During the run-up to the Persian Gulf War, Joe Lieberman was leaving an Oval Office meeting when George H.W. Bush turned to him and said, “Where are you on this, Joe?”
The freshman Democratic senator said he agreed that Congress should formally authorize military action to liberate Kuwait. “I want you to know I’ll strongly support it,” he said, “because I think it’s the right thing to do.”
There was stone-cold silence from the dozen other assembled Democrats—a reaction that Lieberman found “very troubling.”
It was the first step on a winding road that would ultimately produce a bitter breakup between Lieberman and his party. In an age when so much attention is riveted on the brass-knuckle warfare between liberal Democrats and conservative Republicans, perhaps the more corrosive fights occur within each political family, where orthodoxy is strictly enforced.
Just last week Lieberman broke ranks again, saying he would oppose President Obama’s plan to extend the Bush tax cuts for a year for all but the wealthiest taxpayers. That kind of opposition rankles Democrats all the more because the vote itself is purely symbolic, with the proposal having no chance of passing the Republican House.
Lieberman is retiring at year’s end rather than run for a fifth term as an independent. He leaves the scene as a man without a home, who somehow migrated from being Al Gore’s running mate to a star speaker at John McCain’s Republican convention in eight short years. Despised by some on the left but not fully trusted by the right, he is a moral man with a sanctimonious streak who has never quite been comfortable in the Beltway’s polarized culture.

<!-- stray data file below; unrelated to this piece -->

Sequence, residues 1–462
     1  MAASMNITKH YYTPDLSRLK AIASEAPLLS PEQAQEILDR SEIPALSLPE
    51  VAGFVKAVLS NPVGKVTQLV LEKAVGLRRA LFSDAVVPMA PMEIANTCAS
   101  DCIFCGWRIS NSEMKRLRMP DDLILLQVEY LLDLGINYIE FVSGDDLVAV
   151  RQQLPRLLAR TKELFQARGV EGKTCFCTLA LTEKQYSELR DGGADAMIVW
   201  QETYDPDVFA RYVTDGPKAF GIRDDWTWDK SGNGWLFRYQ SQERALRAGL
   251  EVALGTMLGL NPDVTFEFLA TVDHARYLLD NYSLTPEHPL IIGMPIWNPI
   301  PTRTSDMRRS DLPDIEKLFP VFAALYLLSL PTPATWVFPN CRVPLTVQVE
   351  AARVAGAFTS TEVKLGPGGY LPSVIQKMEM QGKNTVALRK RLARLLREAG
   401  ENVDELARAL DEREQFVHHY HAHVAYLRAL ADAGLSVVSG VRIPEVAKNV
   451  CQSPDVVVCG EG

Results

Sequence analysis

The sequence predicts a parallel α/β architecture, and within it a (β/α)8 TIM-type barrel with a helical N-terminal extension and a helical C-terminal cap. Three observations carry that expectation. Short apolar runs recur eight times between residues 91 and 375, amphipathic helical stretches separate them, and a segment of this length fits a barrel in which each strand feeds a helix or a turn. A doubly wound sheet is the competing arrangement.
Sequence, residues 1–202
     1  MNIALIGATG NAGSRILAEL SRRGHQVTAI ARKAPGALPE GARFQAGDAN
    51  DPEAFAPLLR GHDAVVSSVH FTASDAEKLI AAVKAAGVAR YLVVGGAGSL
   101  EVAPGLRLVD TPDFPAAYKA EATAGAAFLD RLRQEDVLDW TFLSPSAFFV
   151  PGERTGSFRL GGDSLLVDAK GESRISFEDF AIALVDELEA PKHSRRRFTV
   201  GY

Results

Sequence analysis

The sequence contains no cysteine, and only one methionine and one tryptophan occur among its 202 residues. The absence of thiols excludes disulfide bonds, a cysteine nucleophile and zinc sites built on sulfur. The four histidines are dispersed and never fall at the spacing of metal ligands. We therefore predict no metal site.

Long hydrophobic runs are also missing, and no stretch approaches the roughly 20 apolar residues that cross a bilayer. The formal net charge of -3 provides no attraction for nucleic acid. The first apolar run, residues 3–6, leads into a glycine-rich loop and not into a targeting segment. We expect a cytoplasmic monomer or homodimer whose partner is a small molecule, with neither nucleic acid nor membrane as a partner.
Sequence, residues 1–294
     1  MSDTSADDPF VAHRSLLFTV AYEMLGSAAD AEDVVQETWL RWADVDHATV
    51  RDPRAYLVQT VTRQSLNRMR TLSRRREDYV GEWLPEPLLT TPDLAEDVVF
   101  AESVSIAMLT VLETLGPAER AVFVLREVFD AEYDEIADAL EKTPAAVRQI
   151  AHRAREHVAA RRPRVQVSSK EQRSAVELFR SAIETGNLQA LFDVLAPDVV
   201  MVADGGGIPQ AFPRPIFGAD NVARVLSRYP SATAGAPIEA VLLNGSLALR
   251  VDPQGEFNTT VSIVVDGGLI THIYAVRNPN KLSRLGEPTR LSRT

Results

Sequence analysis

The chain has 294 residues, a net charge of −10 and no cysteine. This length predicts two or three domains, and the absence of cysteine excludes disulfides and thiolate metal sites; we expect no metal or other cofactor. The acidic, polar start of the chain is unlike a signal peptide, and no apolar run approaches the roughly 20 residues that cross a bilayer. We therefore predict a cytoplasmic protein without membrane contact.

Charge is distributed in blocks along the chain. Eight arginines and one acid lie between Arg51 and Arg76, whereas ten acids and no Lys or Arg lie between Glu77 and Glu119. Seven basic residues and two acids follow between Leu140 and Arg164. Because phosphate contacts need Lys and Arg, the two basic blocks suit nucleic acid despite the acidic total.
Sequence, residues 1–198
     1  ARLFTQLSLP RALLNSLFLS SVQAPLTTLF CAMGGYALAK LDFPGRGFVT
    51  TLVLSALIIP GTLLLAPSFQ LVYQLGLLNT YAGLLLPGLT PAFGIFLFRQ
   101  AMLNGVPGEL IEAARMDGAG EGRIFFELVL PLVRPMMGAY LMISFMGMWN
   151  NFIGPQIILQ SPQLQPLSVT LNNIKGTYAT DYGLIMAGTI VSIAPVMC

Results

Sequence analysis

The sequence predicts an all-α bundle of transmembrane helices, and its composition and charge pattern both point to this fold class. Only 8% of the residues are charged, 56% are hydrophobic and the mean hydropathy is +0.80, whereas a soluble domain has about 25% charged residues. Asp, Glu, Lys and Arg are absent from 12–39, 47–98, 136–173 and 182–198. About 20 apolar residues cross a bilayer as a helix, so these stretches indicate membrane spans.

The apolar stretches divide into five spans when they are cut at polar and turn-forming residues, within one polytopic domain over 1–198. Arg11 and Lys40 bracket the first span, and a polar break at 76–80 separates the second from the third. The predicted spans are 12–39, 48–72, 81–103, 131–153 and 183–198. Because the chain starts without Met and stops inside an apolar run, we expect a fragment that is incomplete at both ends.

While the 70-year-old Lieberman says it was time to move on, he concedes that if Congress was accomplishing things, “it probably would have been a little harder to leave.” And he is one of a steady stream of moderates in both parties, from Olympia Snowe to Evan Bayh, to flee the toxic swamp on the Hill.
In the end, says Lieberman, “I feel the Democratic Party left me. It was no longer the party it was when I joined it in the image of President Kennedy.” Of course, a similar critique could be offered of the Republican Party, which has veered so sharply right that Jeb Bush said both his father and Ronald Reagan would have had a hard time in today’s party, which “doesn’t allow for disagreement.”
An observant Jew with a gentle demeanor, Lieberman was Connecticut’s attorney general in 1988 when he challenged incumbent senator Lowell Weicker, winning by 10,000 votes. He soon proved himself a political cross-dresser, teaming up with Reagan conservative Bill Bennett to crusade against crudeness in pop culture.
In 1998, as impeachment fever was building, Lieberman denounced Bill Clinton on the Senate floor, calling his behavior immoral and deceitful. Some Democrats saw it as an act of betrayal against his Yale Law School pal, who campaigned for Lieberman in his first run for state office in 1970.
But the following week Clinton called him on a Sunday morning, saying he had made a mistake with Monica Lewinsky and was working on it. When Lieberman was named the vice-presidential nominee in 2000, Clinton phoned with what amounted to absolution: “Because of that speech you gave about my problem, Al Gore is free to campaign on our record, not the mistakes I made.”
If Democrats warmed to Lieberman during his vice-presidential campaign —although some grumbled he was too passive in his debate with Dick Cheney—such feelings quickly dissipated when George W. Bush geared up to invade Iraq. As the war effort turned sour, Lieberman doggedly argued for staying the course. He says that withdrawal would have been a “devastating blow” for American credibility.
As some Democrats derided his hawkish stance, “I felt incredibly alienated,” Lieberman says. “It wasn’t just that they disagreed with me, but somehow I had committed just a terrible sin—because I was on the same side as George Bush.”
At the president walked down the aisle for his State of the Union address, “we gave each other a hug. Allegedly a kiss. A kiss did not occur, in my experience.”
Little wonder that Lieberman’s 2004 presidential campaign had been an embarrassing flop; he was simply out of step with a liberal electorate. When he sat down in his Georgetown home to plan his 2006 reelection bid, media adviser Carter Eskew gave him some sobering news.